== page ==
“How was your day?”


“Is Mr. Bandera back?”

“Mom, when I walked into class this morning and saw him my eyes felt like they wanted to cry.”

“The best teacher in the world can have that effect on you,” I pulled her toward me giving her a little side hug as we walked, and I thought about Mr. Bandera.  I felt forever indebted to him for creating a space where kids could laugh together and learn together without the test constantly hovering over them.   Maybe there were a few things he could teach me.

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12 Responses to “The Best Teacher in the World by Taucia Gonzalez”

  1. Elaine Mulligan on 12/8/11 11:06 AM US/Eastern

    What a breath of fresh air in the midst of the often oppressive climate of negative messages about teachers and schools. Thanks, Taucia!

  2. Lisa Lacy on 12/8/11 11:49 AM US/Eastern

    Thank you for sharing your daughter’s story as she talked about Mr. Bandera and how he is making her schooling experience a positive and nurturing one.

    Mr. Bandera reminds me of my third grade teacher, with whom I still have a relationship with, after 40 years.

  3. Anna Escamilla on 12/8/11 12:21 PM US/Eastern

    I too am very interested in the intersection of culture and disability as is another colleague/friend of mine. I am also a teacher and this was a wonderful reminder to what teaching is about. Thank you. Let me know if you ever want to share more thoughts on possible research.

  4. Karen Smith on 12/8/11 1:13 PM US/Eastern

    It takes an exceptional teacher to know an exceptional teachers, so I’m not surprised you were able to identify the amazing traits that make Mr. Bandera “the best teacher in the world.” This is a lovely piece and says so much about a teacher who understands that with good teaching comes good results.

    I think I may have taught Mr. Bandera in his undergraduate program. If so, I’m not surprised by Mila’s description of him. He showed signs of greatness then. I also remember the ease and beauty of his writing.

  5. Taucia Gonzalez on 12/8/11 3:29 PM US/Eastern

    Karen, the seeds we plant as teachers (of adults and children) have a powerful reach. Your post is a great reminder that as educators we do not work in a classroom as individuals. The ideas and voices of our mentors are alongside us in our practice.

  6. Sara Marcum on 12/8/11 7:23 PM US/Eastern

    Thank you for sharing a personal story. When teachers take the time to build that positive relationship with their students, students will then honor and respect that teacher. I always stress building those relationships with the students and their parents. You get so much more out of it and students do great academically!!

    Best wishes in your studies. Can’t wait to see that Dr. in front of your name (or Ph.D. after your name).

  7. Jennifer Huber on 12/8/11 7:54 PM US/Eastern

    Thank you Taucia for an enchanting blog. The writing took my breath away as you created pictures for me that touched my heart. As previous people have commented, this blog revitalized my teacher’s soul and helped me remember the joy that is the classroom. Thank you and your precious daughter for sharing!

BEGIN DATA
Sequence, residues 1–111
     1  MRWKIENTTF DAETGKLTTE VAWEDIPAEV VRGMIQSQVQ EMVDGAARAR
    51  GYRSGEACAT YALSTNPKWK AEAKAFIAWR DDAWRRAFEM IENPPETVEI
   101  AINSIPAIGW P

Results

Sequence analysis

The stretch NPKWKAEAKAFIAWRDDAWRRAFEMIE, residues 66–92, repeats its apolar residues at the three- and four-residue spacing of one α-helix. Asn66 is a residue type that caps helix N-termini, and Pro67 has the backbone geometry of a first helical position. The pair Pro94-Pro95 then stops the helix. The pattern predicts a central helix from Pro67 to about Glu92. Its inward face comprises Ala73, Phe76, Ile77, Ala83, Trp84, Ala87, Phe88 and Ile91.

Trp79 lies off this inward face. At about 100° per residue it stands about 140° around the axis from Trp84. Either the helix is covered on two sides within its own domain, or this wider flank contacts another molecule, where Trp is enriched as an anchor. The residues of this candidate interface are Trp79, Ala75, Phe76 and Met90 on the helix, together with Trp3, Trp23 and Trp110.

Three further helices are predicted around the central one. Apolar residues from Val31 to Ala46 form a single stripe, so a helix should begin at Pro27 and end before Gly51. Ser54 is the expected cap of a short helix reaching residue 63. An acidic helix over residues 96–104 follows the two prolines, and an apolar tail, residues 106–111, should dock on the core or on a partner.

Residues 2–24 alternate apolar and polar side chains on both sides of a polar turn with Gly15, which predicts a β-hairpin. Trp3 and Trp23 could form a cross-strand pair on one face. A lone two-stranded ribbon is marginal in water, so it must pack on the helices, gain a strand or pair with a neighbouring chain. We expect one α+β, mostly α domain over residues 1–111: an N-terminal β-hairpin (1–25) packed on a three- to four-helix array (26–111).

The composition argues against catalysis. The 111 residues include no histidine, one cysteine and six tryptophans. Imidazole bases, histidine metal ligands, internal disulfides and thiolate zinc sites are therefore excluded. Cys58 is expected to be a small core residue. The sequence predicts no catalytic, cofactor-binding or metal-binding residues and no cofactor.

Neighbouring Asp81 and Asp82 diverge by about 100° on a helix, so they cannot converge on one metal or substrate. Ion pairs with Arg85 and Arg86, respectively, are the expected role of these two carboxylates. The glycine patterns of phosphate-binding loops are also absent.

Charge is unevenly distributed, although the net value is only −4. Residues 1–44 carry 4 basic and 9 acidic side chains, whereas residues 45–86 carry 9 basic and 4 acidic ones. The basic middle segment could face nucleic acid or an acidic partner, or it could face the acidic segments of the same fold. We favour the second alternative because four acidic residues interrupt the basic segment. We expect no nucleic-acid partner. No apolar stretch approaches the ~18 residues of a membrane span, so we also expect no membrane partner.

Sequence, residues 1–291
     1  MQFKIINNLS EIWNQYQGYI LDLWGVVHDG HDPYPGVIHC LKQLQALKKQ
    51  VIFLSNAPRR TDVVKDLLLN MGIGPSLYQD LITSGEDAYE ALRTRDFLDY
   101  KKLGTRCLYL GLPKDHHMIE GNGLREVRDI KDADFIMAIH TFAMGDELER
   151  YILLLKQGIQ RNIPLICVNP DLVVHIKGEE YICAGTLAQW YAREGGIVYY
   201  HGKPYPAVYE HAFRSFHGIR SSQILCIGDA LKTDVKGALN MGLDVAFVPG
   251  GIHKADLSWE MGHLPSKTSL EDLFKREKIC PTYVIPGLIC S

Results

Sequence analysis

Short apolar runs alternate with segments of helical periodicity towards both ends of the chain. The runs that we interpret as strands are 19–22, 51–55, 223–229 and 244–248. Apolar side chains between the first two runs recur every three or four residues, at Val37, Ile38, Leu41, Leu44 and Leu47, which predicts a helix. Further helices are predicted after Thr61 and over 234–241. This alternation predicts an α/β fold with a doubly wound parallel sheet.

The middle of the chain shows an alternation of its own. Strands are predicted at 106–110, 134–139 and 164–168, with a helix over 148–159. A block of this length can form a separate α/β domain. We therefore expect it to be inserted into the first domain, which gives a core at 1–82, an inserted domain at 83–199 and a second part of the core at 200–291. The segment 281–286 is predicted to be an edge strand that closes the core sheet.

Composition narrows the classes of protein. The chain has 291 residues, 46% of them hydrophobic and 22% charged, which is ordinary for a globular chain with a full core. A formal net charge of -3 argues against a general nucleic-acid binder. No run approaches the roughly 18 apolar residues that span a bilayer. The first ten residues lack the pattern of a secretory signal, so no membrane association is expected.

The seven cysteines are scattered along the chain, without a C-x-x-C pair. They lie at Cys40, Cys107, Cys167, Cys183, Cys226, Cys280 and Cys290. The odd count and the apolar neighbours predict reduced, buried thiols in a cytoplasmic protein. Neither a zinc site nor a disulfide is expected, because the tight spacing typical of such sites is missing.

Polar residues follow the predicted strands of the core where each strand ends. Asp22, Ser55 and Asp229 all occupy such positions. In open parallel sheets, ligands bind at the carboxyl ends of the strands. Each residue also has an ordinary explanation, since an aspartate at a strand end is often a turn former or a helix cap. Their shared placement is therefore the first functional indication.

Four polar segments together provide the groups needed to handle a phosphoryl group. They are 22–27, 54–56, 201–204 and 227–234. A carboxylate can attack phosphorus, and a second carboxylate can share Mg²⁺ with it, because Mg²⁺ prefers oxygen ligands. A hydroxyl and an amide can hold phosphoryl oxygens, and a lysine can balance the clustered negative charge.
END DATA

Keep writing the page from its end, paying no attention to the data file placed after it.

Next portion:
8. Taucia Gonzalez on 12/9/11 12:35 PM US/Eastern

    Anna,I would love to hear more about your research interests. You can locate my contact info through the ASU directory.

  9. Sultan Kilinc on 1/22/12 2:08 AM US/Eastern

    Taucia, I love your story “The best teacher in the world”, it really captured my attention. I think it is really important to listen children’s voices in any context. A teacher can deeply influence students’ whole life positively or negatively. It was good to hear that Mr. Bandera was not oppressive about standardize tests which make children’s life difficult. I do not like any standardize test which I had many of them in Turkey. Success should not depend on choosing the right answer, because there is no one right answer in our life!
    Thanks for sharing your story:)

  10. patricia on 2/10/12 9:52 AM US/Eastern

    I am going to share this with my graduate class. It is an inspirational story.

    I am sitting here with tears too.

  11. Stan Weser on 2/15/12 10:50 PM US/Eastern

    Just as research tells us, the most important variable in a child’s school (and probably life) success is the teacher. Some are blessed with Mr. Banderas. Unfortunately, pressures from those outside education and those too long away from children can drive the Mr. Banderas from the profession or dim their light.

  12. Mom on 10/21/13 8:39 PM US/Eastern

    What a beautiful story, it made me cry. I remember Camila talking about Mr. Banderas with such gusto and joy. Her enthusiasm for his class was contagious. This is a wonderful reminder that State Tests should not dictate what happens in our classrooms. Great Job! Thank you for sharing. I will be sharing this story with other colleagues.